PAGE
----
(e) Cuthbert v. Cummings, (Ex. Ch.) 24 L. J. (Ex.) 310; 11 Ex. 405.
(/) Miller v. Titherington, 30 L. J. (Ex.) 217; 6 H. & N. 278; affirmed in Ex. Ch. 31 L. J. (Ex.) 363; 7 H. & N. 954.
(g) Field v. Lelean, 30 L. J. (Ex.) 168, in Ex. Ch.; see Spartali v. Benecke, 10 C. B. (70 E. C. L. R.) 212.
(A) 2 C. & J. 244. See also Myers v. Sarl, 3 E. & E. 306; 30 L. J. (Q. B.) 9; Miller v. Titherington, 30 L. J. (Ex.) 217; Hayton v. Irwin, 5 C. P. I). 130.
(i) Lewis v. Marshall, 7 M. & G. (49 E. C. L. R.) 729.
6 81 which is intelligible to all, are used, that plain sense and meaning ought not to be altered by mercantile understanding and usage. To allow such alteration would be to make it legal to say one thing and mean another, and would render a writing useless. Therefore, parol evidence cannot be given to explain the meaning of the words "more or less" in a mercantile contract (k)} And although it may be deduced from the very terms of the rules of which we have been treating, that if the contract itself be unusual, evidence of the usage and custom of the trade in the course of which the unusual contract arose, ought not to be received to explain it (0).
(k) Cross v. Eglin, 2 B. & Ad. (22 E. C. L. E.) 106; see Moore v. Campbell, 10 Ex. 323; 23 L. J. (Ex.) 310.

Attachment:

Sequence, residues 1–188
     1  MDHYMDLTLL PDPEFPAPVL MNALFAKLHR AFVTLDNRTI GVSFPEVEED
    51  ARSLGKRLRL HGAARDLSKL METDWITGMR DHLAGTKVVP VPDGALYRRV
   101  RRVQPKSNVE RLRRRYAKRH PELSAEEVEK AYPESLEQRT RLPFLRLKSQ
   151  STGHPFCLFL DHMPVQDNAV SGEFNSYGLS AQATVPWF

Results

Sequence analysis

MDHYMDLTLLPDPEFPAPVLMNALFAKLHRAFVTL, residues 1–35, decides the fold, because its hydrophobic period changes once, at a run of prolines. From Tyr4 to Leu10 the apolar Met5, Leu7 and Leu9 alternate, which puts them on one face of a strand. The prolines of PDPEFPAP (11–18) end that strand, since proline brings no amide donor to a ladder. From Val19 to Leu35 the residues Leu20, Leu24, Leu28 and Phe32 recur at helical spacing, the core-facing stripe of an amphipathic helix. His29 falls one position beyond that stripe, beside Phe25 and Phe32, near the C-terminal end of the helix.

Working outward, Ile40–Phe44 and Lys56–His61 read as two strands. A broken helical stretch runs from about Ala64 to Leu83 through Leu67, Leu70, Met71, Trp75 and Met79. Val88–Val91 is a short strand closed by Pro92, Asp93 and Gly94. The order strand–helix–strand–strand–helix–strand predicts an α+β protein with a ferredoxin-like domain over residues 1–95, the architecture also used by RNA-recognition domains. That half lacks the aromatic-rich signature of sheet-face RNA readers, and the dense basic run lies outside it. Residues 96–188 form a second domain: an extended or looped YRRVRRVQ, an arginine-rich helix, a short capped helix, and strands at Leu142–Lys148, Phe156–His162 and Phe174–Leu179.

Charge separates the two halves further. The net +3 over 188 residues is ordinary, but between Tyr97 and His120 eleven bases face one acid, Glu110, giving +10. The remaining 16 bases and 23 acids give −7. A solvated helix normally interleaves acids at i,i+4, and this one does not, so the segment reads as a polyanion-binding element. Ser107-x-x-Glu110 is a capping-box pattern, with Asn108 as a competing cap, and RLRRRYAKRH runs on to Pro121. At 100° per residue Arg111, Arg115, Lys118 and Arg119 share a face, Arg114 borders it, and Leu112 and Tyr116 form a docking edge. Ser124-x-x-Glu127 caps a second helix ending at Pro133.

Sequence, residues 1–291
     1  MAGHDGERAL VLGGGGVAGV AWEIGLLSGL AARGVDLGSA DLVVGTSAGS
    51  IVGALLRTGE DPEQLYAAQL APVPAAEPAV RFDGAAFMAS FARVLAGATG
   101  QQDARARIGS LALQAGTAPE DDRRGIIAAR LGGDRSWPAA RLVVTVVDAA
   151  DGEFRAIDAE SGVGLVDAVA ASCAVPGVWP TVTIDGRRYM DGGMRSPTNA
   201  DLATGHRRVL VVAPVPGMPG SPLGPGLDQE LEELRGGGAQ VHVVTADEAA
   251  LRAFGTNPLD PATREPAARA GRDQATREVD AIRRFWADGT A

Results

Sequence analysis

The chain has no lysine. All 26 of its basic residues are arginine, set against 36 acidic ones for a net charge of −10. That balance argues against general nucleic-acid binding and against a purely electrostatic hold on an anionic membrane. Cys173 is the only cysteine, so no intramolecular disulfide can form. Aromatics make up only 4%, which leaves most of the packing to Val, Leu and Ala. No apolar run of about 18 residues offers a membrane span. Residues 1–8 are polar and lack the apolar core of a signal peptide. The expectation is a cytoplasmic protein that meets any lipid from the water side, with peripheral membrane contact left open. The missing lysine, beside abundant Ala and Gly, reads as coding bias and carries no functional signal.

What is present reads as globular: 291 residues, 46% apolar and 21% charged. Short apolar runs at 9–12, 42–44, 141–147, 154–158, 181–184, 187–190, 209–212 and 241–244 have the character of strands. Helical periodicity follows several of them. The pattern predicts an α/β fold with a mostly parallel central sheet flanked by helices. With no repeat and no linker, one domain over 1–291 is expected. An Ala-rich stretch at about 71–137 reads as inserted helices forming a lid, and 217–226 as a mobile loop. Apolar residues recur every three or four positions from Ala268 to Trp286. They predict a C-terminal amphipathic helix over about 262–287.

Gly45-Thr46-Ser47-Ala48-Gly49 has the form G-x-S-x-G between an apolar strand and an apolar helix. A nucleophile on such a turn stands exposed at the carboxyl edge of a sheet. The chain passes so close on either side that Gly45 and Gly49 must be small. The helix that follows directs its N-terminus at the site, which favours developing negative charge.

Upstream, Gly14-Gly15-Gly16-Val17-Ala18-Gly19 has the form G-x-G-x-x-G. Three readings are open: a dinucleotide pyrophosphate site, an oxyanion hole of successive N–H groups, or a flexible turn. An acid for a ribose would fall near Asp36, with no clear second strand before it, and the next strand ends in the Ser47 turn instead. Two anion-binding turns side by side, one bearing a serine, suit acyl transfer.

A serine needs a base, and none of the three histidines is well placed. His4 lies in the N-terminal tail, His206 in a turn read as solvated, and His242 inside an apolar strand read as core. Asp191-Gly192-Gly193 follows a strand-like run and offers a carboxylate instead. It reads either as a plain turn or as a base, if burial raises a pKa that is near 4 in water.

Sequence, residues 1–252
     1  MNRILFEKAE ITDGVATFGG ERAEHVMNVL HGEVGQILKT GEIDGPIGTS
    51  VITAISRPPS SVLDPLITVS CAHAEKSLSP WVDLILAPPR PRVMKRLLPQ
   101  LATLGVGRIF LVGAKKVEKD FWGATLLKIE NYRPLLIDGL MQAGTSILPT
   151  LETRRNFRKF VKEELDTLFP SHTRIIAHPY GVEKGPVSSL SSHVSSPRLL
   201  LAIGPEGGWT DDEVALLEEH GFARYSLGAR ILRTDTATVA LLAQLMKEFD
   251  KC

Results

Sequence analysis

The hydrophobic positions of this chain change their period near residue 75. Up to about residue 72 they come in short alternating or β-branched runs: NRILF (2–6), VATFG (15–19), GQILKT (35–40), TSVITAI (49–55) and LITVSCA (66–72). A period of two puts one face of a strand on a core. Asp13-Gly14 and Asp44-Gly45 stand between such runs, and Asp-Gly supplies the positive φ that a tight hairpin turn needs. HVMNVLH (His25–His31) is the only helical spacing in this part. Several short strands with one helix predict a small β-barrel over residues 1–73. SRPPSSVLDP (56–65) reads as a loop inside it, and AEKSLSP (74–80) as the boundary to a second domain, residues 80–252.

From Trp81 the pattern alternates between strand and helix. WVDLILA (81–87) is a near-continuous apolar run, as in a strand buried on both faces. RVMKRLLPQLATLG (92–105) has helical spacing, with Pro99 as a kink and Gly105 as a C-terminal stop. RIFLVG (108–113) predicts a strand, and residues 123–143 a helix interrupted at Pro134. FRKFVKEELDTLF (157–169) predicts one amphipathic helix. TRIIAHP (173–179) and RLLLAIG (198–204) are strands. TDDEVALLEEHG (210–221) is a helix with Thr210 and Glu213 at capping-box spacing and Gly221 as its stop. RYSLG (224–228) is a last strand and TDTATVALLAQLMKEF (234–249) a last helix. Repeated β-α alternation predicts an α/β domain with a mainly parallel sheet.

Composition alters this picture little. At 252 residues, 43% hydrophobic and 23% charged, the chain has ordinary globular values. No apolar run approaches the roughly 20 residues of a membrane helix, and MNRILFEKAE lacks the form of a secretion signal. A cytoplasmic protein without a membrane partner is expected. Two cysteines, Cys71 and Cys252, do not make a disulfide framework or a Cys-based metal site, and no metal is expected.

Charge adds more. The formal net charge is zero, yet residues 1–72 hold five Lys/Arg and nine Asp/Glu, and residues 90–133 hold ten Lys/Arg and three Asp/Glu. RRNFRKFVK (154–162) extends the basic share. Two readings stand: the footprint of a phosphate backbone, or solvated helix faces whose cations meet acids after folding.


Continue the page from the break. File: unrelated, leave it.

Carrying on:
1 Where qualifying words such as "more or less" or "about" are inserted in a contract it is understood that they are intended to provide for a reasonable variance one way or the other. Where a contract was made for " about 300 quarters (more or less)" of rye, 345 quarters was considered unreasonable excess : Cross v. Eglin, 2 B. & Ad. (22 E. C. L. R.) 106. On a contract for spars " say about 600," a tender of 496 was held a substantial compliance with the agreement. The use of the word "say" prefixed to "about" was said to indicate special care on the vendor's part to guard against an absolute promise as to quantity: McConnell v. Murphy, L. R. 5 P. C. 203. See Morris v. Levison, 1 C. P. D. 155; McLay v. Perry, 44 L. T. N. S. 152. The question has recently received careful consideration in the Supreme Court of the United States and the following rules were laid down: 1. Where goods are identified by reference to independent circumstances, such as an entire lot deposited in a certain warehouse, and the quantity is named with the qualification of " about" or " more or less " or words of like import, the contract applies to the specific lot; and the naming of the quantity is not regarded as in the nature of a warranty, but only as an estimate of the probable amount, in reference to which good faith is all that is required of the party making it. 2. When no such independent circumstances are referred to, and the engagement is to furnish goods to a certain amount, the quantity specified is material, and governs the contract. Here the addition of the qualifying words "about," "more or less" and the like is for the purpose of providing against slight and unimportant accidental variations. 3. If, however, in the last case the qualifying words are supplemented by other stipulations or conditions which give them a broader scope or a more extensive significancy, then the contract is to be governed by such added stipulations or conditions: Brawley v. United States, 96 U. S. 168. An agreement to sell " a cargo of old railroad iron, to be shipped per barque Charles William, . . . about 300 or 350 tons," was held to be complied with by delivery of as much as the vessel, being seaworthy and in good order, could carry, though only 227 tons: Pembroke Iron Co. v. Parsons, 5 Gray, 589. In Creighton v. Comstock, 27 Ohio St. 548 the contract was to deliver 23,000 feet of lumber; a delivery of 16,000 feet was held too large a discrepancy to be covered by the words " more or less." " More or less " or equivalent words will cover any variance not so gross as naturally to raise the presumption of fraud or radical mistake in the essence of the contract: Noble v. Googins, 99 Mass. 231. See also Schickle v. Chouteau, 10 Mo. App. 241; where a man contracts in his own name, evidence of a custom in Liverpool to send in brokers' notes, without disclosing the principal's name, cannot be received, in order to excuse the contractor from liability as having acted as a broker merely; and Alderson, B., said the custom offered to be proved was a custom to violate the common law of England (I).